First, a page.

Albert Schweitzer-helene Bresslau: the Years Prior to Lambarene

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Syracuse University Press, Jan 1, 2003 - Biography & Autobiography - 246 pages
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A window into the shared lives of two of the world's best-known humanitarians. This book provides the only personal portrait of Schweitzer, here as a young man on a quest to better the lot of humankind, and of the woman who helped to shape that pursuit. Schweitzer was twenty-six and Helene Bresslau twenty-two when they met. He was preparing for an academic life in theology and philosophy, while his skill as a musician supplemented his intellectual work. Helene stepped beyond the conventions of the day by entering the nursing field, by founding a welfare program for single mothers, and fearlessly stating her own opinions. While Schweitzer searched for his path, Bresslau provided the sounding board for many of his ideas.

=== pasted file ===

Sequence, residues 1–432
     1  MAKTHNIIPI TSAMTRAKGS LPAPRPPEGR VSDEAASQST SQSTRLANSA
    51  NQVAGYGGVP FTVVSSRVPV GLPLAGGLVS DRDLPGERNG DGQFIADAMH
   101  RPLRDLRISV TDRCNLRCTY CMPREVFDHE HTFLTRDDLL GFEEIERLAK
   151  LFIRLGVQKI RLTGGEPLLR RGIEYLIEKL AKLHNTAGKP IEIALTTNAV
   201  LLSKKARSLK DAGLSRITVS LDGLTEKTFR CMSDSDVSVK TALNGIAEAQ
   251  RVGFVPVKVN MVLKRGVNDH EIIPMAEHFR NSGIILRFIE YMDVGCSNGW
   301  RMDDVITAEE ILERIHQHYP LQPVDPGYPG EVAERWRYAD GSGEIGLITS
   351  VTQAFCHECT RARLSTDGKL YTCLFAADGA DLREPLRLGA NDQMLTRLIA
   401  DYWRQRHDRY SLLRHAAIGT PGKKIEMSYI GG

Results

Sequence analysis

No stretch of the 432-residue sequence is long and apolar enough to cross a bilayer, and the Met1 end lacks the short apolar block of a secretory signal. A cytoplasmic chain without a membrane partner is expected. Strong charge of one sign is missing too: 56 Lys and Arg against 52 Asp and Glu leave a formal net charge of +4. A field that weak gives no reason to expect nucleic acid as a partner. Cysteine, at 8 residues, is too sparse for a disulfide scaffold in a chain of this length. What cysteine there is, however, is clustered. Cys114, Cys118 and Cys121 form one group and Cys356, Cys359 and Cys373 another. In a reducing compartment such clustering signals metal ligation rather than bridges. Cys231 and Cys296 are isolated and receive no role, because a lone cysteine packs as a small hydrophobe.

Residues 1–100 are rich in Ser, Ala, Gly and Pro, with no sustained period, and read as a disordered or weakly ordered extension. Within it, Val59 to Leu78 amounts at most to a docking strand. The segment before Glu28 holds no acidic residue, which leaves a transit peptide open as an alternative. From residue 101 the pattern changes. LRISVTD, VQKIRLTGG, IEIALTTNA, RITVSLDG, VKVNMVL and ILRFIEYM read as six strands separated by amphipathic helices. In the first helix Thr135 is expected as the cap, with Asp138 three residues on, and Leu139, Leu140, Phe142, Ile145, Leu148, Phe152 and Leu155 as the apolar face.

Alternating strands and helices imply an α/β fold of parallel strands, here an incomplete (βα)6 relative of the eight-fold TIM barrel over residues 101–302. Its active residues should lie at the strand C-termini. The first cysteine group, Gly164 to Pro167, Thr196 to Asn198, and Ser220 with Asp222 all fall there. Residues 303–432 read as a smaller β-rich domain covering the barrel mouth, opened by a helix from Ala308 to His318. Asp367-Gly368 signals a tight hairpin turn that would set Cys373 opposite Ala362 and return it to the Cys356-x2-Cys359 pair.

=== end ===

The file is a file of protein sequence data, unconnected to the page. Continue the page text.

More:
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About the author (2003)

Albert Schweitzer (1875-1965) won the Nobel Peace Prize in 1952. While still a young man he demonstrated extraordinary abilities in a wide range of pursuits, including science, theology, and music. In 1908 he published his magisterial study of the life and works of Johann Sebastian Bach. He studied medicine from 1905 to 1913 at the University of Strasbourg, then founded a hospital in French Equatorial Africa, where he spent most of the remainder of his life. Schweitzer used his Nobel Prize stipend to expand the hospital and to build a leper colony. His bookThe Quest of the Historical Jesus is also available from Johns Hopkins.

Rhena Miller Schweitzer, daughter and only child of Helene and Albert Schweitzer, has written many articles about her father's life.

Gustav Woytt assisted Schweitzer with his writings and translations.

Antje Bultmann Lemke is translator of Schweitzer's Out of My Life and Thought.

Nancy Stewart has a nursing background and spent a year in Nigeria helping to establish a medical school.

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